Columbus – World Navigator, Slaver And Mass Killer
By James Donahue
For years the American history books gave Christopher Columbus the credit of "discovering America"
and proclaimed him to be a hero for daring to sail his frail craft across the Atlantic when European scholars believed the
world was flat.
They even named cities and highways and created a national holiday in his name.
But now that the real story of what Columbus did, and how he treated the natives he found on the various
Caribbean Islands, the truth has thrown a pall of shame over the very name.
Columbus never discovered the North American continent. He and his men perceived the kind and friendly
Arawak natives found living on the islands as nothing more than animals with access to gold that was being used to make ornaments.
Columbus made four voyages to his "new world," and all were on quests to capture the native people
for a slave trade. The Arawaks were raped, slaughtered, enslaved, and forced to mine for gold. The Europeans brought deadly
diseases like smallpox with them to the islands, which spread like wildfire through the indigenous people.
After making his initial discovery, which Columbus always believed were islands off the coast of China,
the Spanish government financed additional trips with more ships and men. They arrived on the islands now known as the Dominican
Republic and Haiti, Cuba and the Bahamas. They came with guns, swords and horses while the natives knew nothing about warfare,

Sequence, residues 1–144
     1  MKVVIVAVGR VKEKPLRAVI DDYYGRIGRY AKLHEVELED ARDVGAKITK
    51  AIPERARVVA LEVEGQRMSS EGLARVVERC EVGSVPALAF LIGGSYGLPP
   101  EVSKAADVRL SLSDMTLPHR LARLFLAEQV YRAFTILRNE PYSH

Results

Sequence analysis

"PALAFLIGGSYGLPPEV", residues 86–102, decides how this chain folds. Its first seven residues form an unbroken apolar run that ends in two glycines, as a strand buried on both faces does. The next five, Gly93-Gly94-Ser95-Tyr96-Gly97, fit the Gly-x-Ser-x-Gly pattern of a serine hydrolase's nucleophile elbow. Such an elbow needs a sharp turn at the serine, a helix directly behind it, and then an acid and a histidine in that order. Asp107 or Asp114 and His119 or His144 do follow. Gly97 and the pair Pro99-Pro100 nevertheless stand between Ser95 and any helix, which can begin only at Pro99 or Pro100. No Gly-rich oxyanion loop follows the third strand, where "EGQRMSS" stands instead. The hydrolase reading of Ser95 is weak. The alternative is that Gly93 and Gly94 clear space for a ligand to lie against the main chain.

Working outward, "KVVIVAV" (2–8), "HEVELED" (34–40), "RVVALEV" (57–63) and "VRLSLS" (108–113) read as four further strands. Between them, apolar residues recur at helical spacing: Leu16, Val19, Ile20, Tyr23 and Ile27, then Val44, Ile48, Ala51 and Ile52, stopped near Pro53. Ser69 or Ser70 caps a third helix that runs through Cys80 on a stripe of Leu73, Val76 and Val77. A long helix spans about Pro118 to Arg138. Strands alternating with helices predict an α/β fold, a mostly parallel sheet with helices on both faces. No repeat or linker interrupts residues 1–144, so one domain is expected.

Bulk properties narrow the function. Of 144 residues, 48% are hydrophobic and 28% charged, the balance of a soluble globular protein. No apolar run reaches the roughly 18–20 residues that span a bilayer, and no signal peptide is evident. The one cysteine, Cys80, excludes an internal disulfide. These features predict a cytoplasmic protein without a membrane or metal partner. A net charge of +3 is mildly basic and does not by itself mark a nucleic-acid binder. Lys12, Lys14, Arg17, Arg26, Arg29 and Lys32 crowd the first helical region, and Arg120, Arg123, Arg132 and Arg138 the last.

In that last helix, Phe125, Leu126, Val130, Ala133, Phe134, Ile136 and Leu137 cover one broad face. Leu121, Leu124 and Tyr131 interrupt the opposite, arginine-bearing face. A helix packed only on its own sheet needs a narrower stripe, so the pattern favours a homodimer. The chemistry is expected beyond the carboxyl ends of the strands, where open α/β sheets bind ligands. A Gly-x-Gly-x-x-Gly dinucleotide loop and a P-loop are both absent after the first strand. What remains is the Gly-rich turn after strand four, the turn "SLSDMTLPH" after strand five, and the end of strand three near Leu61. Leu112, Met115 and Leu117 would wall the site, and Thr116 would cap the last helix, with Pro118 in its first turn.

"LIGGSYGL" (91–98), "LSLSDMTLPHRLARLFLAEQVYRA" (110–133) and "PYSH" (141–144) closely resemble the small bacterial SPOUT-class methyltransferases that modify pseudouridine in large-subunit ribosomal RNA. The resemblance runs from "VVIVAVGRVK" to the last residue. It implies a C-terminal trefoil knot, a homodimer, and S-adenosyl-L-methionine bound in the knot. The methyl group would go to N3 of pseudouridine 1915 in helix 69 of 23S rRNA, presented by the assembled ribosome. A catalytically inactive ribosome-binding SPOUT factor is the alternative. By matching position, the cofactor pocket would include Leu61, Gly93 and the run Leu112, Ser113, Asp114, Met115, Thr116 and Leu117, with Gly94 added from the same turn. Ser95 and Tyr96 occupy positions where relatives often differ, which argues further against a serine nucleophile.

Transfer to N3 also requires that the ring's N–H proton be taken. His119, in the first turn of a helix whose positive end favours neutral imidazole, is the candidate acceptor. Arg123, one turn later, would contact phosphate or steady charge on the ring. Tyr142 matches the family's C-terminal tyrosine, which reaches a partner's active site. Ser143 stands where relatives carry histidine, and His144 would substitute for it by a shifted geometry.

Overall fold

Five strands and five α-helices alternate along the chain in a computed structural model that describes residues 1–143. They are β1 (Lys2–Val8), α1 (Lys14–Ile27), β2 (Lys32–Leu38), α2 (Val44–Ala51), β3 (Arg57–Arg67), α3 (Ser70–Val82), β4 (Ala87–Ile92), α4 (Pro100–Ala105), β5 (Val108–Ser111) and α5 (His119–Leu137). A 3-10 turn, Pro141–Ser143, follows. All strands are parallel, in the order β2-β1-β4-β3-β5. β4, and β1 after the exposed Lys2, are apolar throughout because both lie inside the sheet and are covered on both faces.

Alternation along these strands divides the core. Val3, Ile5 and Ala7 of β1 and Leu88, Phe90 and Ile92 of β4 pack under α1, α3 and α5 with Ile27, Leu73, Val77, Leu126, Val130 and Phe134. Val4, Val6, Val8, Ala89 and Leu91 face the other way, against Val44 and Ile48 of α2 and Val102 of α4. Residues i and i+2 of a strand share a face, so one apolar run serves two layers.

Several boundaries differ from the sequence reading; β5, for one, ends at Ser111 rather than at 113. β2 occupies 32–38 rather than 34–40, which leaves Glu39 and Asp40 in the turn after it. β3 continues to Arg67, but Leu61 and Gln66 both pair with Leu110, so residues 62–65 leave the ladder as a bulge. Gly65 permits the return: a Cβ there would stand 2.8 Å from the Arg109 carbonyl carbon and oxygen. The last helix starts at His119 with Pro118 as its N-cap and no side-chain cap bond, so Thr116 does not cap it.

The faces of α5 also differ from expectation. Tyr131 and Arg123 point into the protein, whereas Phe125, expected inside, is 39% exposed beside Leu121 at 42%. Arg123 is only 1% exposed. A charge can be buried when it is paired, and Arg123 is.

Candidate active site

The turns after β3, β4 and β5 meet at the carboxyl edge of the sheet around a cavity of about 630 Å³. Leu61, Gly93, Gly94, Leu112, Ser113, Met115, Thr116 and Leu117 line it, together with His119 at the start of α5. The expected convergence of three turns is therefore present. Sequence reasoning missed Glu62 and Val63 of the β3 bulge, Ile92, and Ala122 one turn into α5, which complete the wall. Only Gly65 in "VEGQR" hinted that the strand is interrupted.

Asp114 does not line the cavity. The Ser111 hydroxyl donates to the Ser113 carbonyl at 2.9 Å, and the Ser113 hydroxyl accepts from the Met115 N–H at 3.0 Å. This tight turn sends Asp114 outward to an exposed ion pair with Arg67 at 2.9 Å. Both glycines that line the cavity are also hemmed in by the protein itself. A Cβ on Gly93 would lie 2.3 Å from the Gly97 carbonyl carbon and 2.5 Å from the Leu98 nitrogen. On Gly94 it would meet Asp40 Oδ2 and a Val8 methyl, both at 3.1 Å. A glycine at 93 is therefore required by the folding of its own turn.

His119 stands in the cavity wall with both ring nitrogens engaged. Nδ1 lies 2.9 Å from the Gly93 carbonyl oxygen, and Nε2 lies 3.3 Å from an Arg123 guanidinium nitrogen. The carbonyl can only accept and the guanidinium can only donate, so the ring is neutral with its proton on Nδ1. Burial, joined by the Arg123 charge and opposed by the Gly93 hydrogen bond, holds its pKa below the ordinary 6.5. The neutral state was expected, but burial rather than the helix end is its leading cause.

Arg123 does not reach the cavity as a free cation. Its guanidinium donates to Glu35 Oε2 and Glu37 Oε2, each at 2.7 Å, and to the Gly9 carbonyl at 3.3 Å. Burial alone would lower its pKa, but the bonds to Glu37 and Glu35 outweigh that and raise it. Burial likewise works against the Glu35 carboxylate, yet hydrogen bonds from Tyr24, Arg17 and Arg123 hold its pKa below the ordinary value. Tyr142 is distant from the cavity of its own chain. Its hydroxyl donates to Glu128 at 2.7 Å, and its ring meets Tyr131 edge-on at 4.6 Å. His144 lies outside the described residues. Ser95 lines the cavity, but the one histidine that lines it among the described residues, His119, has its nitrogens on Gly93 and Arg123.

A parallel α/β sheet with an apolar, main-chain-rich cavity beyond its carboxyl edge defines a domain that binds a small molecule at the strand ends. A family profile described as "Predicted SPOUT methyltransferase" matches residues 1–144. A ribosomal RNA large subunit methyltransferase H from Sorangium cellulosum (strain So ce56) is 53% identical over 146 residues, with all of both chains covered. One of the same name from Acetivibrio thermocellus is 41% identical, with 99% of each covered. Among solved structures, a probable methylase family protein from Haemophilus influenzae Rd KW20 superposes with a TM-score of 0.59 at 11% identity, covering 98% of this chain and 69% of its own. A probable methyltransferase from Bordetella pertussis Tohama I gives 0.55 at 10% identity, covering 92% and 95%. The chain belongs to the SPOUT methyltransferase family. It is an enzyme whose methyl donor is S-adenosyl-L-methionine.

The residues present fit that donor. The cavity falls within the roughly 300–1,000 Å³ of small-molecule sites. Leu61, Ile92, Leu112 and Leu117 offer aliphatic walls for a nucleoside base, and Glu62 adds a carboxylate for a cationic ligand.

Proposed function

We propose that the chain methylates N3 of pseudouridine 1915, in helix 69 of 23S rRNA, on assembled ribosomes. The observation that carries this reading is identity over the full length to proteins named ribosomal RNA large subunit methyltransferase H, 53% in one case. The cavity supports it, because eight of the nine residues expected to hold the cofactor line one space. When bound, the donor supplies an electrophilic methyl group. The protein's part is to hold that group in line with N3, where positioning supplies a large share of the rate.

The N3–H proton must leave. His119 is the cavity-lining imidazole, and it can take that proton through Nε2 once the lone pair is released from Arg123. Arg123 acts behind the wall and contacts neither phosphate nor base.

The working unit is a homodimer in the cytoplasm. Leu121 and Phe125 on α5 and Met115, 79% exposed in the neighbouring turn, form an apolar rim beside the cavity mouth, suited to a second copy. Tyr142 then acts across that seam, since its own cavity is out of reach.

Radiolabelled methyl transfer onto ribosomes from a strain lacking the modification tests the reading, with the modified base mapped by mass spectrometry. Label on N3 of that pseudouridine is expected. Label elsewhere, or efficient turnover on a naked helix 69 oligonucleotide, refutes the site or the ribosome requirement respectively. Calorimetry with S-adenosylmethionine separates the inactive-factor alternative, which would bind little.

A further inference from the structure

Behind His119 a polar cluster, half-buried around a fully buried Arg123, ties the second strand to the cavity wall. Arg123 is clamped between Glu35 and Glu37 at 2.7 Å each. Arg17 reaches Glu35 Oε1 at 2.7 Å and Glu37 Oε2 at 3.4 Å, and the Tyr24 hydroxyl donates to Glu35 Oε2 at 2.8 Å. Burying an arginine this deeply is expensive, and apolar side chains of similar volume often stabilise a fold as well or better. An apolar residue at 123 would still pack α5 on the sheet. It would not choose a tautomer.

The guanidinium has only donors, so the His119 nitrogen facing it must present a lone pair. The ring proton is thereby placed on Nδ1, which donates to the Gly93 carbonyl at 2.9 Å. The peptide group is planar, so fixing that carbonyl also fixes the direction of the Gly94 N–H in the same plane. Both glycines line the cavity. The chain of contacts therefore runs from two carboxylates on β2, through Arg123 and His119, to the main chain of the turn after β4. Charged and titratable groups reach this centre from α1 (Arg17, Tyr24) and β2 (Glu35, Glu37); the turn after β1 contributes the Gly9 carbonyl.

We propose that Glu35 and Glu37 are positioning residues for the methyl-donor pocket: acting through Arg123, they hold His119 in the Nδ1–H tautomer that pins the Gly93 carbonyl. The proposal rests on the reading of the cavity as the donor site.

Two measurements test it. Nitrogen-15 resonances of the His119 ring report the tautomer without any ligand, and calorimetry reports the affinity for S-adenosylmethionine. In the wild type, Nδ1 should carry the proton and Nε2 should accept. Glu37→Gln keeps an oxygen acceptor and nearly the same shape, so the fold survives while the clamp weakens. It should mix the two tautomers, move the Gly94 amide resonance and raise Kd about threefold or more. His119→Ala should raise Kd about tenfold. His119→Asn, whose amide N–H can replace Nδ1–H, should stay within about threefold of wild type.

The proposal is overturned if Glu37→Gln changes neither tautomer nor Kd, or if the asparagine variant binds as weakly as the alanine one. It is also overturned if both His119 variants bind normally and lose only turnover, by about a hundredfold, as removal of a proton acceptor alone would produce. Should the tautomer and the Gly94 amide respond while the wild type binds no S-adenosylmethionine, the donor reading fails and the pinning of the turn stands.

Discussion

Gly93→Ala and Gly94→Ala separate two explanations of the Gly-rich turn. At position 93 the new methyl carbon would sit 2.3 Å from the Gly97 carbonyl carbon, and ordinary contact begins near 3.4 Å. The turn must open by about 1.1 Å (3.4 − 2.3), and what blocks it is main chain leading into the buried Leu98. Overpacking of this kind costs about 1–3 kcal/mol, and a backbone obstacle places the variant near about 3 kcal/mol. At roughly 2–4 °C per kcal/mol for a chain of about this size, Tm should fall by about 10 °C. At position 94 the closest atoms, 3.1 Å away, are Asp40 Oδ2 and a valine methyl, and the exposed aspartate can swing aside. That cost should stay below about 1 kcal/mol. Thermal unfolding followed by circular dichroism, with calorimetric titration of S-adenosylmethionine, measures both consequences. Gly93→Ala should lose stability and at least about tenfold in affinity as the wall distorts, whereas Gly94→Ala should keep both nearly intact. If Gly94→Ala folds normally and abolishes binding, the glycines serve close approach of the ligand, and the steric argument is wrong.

wealth and property ownership.
Thus, as one historian wrote, was set into motion "a relentless wave of murder, rape, pillaging and
slavery that would forever alter the course of human history."
Many were put on ships and taken to Spain where they were paraded around like animals from a zoo.
The vile things that went on under Columbus’ leadership might have been forgotten had it not
been for Bartolome de las Casas, a Catholic priest, who years later transcribed Columbus’ journals and produced a multi-volume
historical record titled "History of the Indies."
What De las Cacas described in his book was a firsthand account of a state-sponsored genocide financed
by the Spanish empire. From Columbus’ own eye-witness accounts, the plan was to eradicate the islands of the indigenous
people and establish the islands as the property of Spain.
He wrote: "From 1492 to 1508, over 3,000,000 people had perished from war, slavery and the mines.
Who in future generations will believe this? I myself writing it as a knowledgeable witness can hardly believe it."
Thus it was that Columbus, on behalf of the Spanish royalty, decimated the natives of the Caribbean
islands. Their bones must still cover the landscape.
What is so ugly about this story is that Columbus established a pattern of how the European settlers
would treat the natives they encountered all across the North and South American continents in the years that followed. To
this day the surviving Native Americans remain largely herded like cattle into "reservations" and live under the control of
the United States government.
Columbus Day should not be a holiday in the United States. Rather it should be a day set aside as
a day of mourning for the millions of natives left dead and dying by the conquering invaders of their land.